Gov. Tony Evers on Thursday declared a public health emergency and issued an emergency order forcing people to wear face masks when they were not in a private residence, according to a statement from his office.
“We have always said that we will let science and public health experts be our guide to responding to this pandemic, and we know that masks and coatings will be able to save lives,” Gov. Evers in the statement.
“While I know emotions are high when it comes to wearing face covers in public,” he added, “my job as a ruler is to put people first and do what’s best for the people of our state, so that’s what I’m going to do.
The order goes into effect at 12:01 p.m. on Saturday, the statement said. It is scheduled to expire on Sept. 28 or by a subsequent replacement order.
The evolution comes as the average number of new cases has increased dramatically in the last four weeks and the state is spreading to the important community. According to the Evers office, there was a 75% increase in cases in July, prompting the public health emergency declaration order.
According to the governor’s order, roofs are required for anyone 5 years of age or older who is in an enclosed space, except a private residence. Coverage is also required if another person who is not a member of the household is in the enclosed space.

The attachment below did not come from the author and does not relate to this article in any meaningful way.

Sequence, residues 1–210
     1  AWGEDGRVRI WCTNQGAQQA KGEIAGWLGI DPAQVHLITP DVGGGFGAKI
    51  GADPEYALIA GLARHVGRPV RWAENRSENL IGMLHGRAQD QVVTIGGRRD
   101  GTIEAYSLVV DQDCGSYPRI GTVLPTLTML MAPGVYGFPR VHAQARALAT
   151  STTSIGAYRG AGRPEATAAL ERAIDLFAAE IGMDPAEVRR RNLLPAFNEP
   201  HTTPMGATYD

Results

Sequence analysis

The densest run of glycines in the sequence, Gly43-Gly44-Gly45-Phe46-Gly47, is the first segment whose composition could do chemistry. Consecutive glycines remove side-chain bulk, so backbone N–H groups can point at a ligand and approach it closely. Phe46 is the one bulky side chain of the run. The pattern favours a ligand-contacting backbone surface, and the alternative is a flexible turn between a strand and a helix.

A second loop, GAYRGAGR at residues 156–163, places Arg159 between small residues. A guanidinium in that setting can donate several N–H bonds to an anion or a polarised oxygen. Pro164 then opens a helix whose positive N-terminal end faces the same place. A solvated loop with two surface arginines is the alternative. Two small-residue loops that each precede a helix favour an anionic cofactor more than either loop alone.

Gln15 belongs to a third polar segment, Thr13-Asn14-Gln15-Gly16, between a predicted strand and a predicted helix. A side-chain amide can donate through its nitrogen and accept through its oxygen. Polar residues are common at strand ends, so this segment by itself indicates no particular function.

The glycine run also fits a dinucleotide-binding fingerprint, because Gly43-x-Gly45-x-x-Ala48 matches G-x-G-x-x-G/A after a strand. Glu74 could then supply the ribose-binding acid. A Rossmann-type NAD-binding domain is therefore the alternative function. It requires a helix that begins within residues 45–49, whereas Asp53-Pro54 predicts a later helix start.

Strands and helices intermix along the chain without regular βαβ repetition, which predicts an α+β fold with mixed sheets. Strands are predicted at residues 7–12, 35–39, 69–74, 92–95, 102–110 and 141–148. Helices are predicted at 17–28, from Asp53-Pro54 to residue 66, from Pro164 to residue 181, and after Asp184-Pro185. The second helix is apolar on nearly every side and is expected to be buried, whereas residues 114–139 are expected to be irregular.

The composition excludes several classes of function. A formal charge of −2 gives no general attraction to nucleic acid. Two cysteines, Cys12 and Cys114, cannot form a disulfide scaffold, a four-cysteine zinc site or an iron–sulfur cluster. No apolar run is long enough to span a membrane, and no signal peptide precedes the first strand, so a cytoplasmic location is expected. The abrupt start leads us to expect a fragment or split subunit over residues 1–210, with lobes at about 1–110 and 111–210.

Otherwise, masks “are highly recommended in all other settings, including the outdoors when it is not possible to maintain a physical distance.”
There are exceptions, including swimming or visiting the dentist. The order can be executed with a fine of up to $ 200, although it is unclear how the execution will work.
Ryan Westergaard, a Wisconsin chief physician and state epidemiologist for communicable diseases, said in a statement that staying home, social distancing and washing hands are effective ways to stop the spread of the virus. But masks are also important, he said.
“A growing number of scientific studies tell us that face coatings, when used correctly and consistently by a large percentage of the community, are extremely effective in preventing the spread of Covid-19 by respiratory droplets,” he said. dir Westergaard.
CNN’s Brad Parks and Kay Jones contributed to this report.